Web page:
- L. Mirny and E. Shakhnovich, “Protein folding theory: from lattice to all-atom models,” Annual Review of Biophysics and Biomolecular Structure, vol. 30, no. 1, pp. 361–396, 2001.
- Y. Zhang, A. K. Arakaki, and J. Skolnick, “TASSER: an automated method for the prediction of protein tertiary structures in CASP6,” Proteins, vol. 61, no. 7, pp. 91–98, 2005.
- Y. Zhang, “I-TASSER: fully automated protein structure prediction in CASP8,” Proteins, vol. 77, no. 9, pp. 100–113, 2009.
- D. Xu, J. Zhang, A. Roy, and Y. Zhang, “Automated protein structure modeling in CASP9 by I-TASSER pipeline combined with QUARK-based ab initio folding and FG-MD-based structure refinement,” Proteins, vol. 79, no. 10, pp. 147–160, 2011.
- P. Rotkiewicz and J. Skolnick, “Fast procedure for reconstruction of full-atom protein models from reduced representations,” Journal of Computational Chemistry, vol. 29, no. 9, pp. 1460–1465, 2008.
- A. Fiser and A. Šali, “MODELLER: generation and refinement of homology-based protein structure models,” Methods in Enzymology, vol. 374, pp. 461–491, 2003.
- A. Kolinski and J. Skolnick, “Reduced models of proteins and their applications,” Polymer, vol. 45, no. 2, pp. 511–524, 2004.
- S. Moreno-Hernández and M. Levitt, “Comparative modeling and protein-like features of hydrophobic-polar models on a two-dimensional lattice,” Proteins, vol. 80, no. 6, pp. 1683–1693, 2012.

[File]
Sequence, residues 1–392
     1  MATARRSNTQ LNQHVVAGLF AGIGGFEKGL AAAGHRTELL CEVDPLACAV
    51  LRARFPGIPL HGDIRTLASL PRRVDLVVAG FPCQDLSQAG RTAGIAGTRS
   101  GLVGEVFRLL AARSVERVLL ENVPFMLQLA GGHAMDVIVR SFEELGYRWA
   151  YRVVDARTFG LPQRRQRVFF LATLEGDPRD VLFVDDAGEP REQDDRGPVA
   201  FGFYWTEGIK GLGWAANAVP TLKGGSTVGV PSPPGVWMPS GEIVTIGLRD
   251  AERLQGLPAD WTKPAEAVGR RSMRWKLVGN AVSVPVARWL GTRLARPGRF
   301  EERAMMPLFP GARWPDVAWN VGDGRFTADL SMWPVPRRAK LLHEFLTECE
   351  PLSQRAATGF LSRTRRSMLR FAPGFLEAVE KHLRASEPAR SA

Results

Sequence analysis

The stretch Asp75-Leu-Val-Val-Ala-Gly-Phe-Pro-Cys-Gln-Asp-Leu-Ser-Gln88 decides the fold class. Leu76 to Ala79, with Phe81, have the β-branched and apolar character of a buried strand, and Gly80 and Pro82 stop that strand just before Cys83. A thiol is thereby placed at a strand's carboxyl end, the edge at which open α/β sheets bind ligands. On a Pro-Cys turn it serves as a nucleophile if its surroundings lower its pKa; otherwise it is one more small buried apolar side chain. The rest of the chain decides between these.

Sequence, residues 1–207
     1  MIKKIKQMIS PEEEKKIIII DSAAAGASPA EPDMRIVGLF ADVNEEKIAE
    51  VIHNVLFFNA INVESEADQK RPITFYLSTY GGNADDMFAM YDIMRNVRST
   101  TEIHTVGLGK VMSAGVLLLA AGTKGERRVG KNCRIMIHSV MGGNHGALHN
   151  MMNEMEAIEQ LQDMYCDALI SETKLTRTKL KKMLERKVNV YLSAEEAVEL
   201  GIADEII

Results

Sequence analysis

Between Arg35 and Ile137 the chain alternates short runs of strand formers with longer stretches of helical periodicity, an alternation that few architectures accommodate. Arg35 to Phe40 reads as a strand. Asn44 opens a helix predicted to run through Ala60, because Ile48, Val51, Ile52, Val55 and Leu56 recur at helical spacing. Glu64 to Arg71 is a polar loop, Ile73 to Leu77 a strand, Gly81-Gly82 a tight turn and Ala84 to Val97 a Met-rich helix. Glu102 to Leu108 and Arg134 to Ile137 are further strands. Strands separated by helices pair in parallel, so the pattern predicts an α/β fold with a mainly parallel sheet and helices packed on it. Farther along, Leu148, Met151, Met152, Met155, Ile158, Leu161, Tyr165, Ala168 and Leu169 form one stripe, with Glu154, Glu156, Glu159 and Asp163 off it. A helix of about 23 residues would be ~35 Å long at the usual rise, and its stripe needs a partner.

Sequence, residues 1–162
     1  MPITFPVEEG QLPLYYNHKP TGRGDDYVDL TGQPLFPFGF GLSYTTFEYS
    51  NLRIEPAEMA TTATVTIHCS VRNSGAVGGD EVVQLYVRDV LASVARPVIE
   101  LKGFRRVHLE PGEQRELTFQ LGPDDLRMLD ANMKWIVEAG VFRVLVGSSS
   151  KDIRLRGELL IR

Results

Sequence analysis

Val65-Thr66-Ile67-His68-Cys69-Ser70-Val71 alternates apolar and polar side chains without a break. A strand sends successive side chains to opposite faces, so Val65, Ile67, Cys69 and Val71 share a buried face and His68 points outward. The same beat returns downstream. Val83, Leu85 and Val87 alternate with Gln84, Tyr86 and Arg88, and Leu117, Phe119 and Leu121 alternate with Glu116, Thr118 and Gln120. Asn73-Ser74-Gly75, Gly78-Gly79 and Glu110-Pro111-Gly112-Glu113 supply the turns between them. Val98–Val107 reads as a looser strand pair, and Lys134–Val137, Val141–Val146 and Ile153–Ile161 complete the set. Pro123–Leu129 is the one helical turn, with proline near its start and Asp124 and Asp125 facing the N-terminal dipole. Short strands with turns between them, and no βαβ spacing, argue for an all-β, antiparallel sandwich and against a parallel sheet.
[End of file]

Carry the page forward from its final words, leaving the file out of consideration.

- K. F. Lau and K. A. Dill, “Lattice statistical mechanics model of the conformational and sequence spaces of proteins,” Macromolecules, vol. 22, no. 10, pp. 3986–3997, 1989.
- S. Miyazawa and R. L. Jernigan, “Estimation of effective interresidue contact energies from protein crystal structures: quasi-chemical approximation,” Macromolecules, vol. 18, no. 3, pp. 534–552, 1985.
- E. Bornberg-Bauer, “Chain growth algorithms for HP-type lattice proteins,” in Proceedings of the 1st Annual International Conference on Computational Molecular Biology (RECOMB '97), pp. 47–55, ACM, January 1997.
- M. Berrera, H. Molinari, and F. Fogolari, “Amino acid empirical contact energy definitions for fold recognition in the space of contact maps,” BMC Bioinformatics, vol. 4, article 8, 2003.
- A. Godzik, A. Kolinski, and J. Skolnick, “Lattice representations of globular proteins: how good are they?” Journal of Computational Chemistry, vol. 14, no. 10, pp. 1194–1202, 1993.
- G. Wang and R. L. Dunbrack Jr., “PISCES: recent improvements to a PDB sequence culling server,” Nucleic Acids Research, vol. 33, supplement 2, pp. W94–W98, 2005.
- J. R. Banavar, T. X. Hoang, F. Seno, A. Trovato, and A. Maritan, “Protein sequence and structure: is one more fundamental than the other?” Journal of Statistical Physics, vol. 148, no. 4, pp. 636–645, 2012.
- M. Cieplak and J. R. Banavar, “Energy landscape and dynamics of proteins: an exact analysis of a simplified lattice model,” Physical Review E, vol. 88, no. 4, Article ID 040702, 2013.
- J. Mañuch; and D. R. Gaur, “Fitting protein chains to cubic lattice is NP-complete,” Journal of Bioinformatics and Computational Biology, vol. 6, no. 1, pp. 93–106, 2008.
- D. G. Covell and R. L. Jernigan, “Conformations of folded proteins in restricted spaces,” Biochemistry, vol. 29, no. 13, pp. 3287–3294, 1990.
- D. A. Hinds and M. Levitt, “A lattice model for protein structure prediction at low resolution,” Proceedings of the National Academy of Sciences of the United States of America, vol. 89, no. 7, pp. 2536–2540, 1992.
- J. Miao, J. Klein-Seetharaman, and H. Meirovitch, “The optimal fraction of hydrophobic residues required to ensure protein collapse,” Journal of Molecular Biology, vol. 344, no. 3, pp. 797–811, 2004.